Remember, you don't have to provision all possible components and services before you start building systems. Build the services and components you need for a small app and then assemble them as needed. As your base of components and services grows, you will be able to respond more quickly to business requests by simply assembling systems. Some see this vision culminating in the business rapidly assembling its own solutions as needed. The end result—systems in minutes.
But how are these disparate services and components integrated? One of the claims made for assembling systems is that we avoid the cost and complexity of tightly integrated systems. Some claim that in the assembly world, components and services are not integrated; they are federated, or loosely coupled. They use the word integrated to pejoratively describe tightly coupled systems. As a longtime fan of loosely coupling systems, I find this view of integration puzzling. Integration is not a single state; it is a continuum with different dimensions. To better understand the linkages between services, components and legacy systems, let's create a framework to visualize where in the continuum any given integration point would fall.
Points of integration can be simple or complex, and tightly or loosely coupled. When we think about integrating applications, we see that integration can occur at the presentation, business logic or database layers. For our purposes, let's create a framework with two dimensions. Imagine a two-dimensional graph with its origin point in the lower left-hand corner. Let the vertical axis show the type of integration. The type of integration will range from simple to complex. Let the horizontal axis show integration flexibility. We will use the concept of flexibility to encompass a range of connections from tightly coupled to loosely coupled.
When we think of integration type, we can imagine single parameter API calls as an example of a simple type of integration. These may be simple call-and-forget interfaces or they may be call-and-reply interfaces. Integration types become more complex when we pass multiple parameters to an interface. We can also envision even more complex multipoint interfaces. One service may call multiple interfaces of another, or we may have a more complex conversational exchange between components. The most complex interface type is dynamic, where interfaces are discovered and configured when needed. The complexity derives from the challenges of dynamically discovering and configuring interfaces, not just the type of interaction that occurs once the interface is set up.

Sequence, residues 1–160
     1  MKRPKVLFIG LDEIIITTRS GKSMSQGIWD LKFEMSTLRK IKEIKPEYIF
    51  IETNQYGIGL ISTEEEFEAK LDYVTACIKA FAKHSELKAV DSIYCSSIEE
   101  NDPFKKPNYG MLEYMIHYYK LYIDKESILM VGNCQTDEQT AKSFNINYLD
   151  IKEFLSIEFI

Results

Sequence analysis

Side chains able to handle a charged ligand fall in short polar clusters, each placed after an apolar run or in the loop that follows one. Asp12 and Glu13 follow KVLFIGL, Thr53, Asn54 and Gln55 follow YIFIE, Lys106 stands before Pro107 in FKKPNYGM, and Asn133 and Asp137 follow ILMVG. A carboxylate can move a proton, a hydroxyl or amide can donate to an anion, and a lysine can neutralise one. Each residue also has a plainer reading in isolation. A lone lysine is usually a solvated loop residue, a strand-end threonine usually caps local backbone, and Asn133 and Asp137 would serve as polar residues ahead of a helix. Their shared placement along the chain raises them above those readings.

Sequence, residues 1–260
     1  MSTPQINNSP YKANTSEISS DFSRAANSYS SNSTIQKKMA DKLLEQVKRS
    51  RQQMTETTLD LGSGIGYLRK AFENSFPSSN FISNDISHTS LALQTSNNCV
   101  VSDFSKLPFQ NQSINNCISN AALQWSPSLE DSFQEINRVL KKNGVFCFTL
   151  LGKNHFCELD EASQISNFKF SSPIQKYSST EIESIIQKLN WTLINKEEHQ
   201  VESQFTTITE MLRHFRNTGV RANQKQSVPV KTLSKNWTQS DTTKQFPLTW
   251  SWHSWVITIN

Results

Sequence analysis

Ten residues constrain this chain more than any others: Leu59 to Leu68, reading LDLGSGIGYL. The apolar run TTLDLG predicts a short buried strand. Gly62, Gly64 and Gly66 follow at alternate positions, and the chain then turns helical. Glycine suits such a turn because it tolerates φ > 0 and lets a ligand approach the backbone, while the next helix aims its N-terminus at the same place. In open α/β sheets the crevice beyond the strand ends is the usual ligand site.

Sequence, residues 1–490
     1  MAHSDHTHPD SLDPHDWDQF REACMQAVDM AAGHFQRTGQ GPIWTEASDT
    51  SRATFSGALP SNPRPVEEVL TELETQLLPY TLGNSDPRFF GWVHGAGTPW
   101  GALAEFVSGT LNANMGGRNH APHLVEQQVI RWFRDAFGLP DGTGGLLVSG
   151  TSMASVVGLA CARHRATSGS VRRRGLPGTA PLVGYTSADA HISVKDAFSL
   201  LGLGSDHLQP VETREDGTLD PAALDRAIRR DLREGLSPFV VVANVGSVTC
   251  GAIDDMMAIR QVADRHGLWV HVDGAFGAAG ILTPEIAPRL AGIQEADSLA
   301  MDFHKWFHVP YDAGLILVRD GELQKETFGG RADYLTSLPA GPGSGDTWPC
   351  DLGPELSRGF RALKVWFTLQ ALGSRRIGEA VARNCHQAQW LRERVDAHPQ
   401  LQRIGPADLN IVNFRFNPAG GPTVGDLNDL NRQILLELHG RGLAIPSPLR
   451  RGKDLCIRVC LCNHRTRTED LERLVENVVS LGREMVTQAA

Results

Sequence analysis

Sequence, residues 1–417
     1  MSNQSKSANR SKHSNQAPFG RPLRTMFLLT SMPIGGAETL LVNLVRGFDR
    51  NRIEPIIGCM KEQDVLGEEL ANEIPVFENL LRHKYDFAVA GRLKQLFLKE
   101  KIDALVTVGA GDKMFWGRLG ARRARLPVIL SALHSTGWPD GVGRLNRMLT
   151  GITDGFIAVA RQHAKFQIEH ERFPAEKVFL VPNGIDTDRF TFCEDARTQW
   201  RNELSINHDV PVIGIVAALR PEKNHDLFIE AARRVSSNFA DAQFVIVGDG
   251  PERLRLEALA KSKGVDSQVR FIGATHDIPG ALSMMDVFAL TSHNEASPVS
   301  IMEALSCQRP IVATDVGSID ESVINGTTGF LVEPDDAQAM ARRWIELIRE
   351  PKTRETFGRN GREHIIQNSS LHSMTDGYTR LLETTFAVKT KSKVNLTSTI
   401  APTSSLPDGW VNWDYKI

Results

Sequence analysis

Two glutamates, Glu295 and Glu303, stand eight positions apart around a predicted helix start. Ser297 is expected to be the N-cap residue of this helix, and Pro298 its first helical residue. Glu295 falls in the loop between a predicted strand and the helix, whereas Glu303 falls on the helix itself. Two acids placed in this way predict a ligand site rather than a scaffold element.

Likewise, we see a wide range in the flexibility of interfaces. At the lowest level, we have embedded linkages that are hard-coded. This is the old approach that requires components or services to understand an exchange at compile time. When we use something like XML, we move a step up to low-level flexibility. Plain XML lets us define an interface that works with structured content that doesn't need to be defined until runtime. To increase flexibility, we need a common data definition. XML Schema provides this mid-level flexibility.
To reach a high level of flexibility, we need services and components that share a common understanding of their context. With agent technology, this is done using an ontology. We could also use the XML Frames I've proposed to achieve this same goal. The highest level of flexibility is achieved when we can use auto-discovery for dynamic learning and understanding of services and information. This also requires an ontology. Fortunately, we have the beginnings of one in the reference models we create through enterprise architecture.
What does all this have to do with assembling systems in minutes? Loosely coupled services and components are easier to assemble than their tightly coupled counterparts. Simpler interfaces are easier to engineer and use than complex ones. An integration framework can provide guidance and show us the tradeoffs we must make to create the flexible infrastructure, components and services we need in our "systems-in-minutes" world. When we couple this framework with enterprise architecture reference models, we have a solid foundation for a new development and delivery process.
John D. Williams is a contributor to Application Development Trends. He is president of Blue Mountain Commerce, a Cary, N.C.-based consulting firm specializing in enterprise, domain and application architectures. He can be reached via e-mail at firstname.lastname@example.org.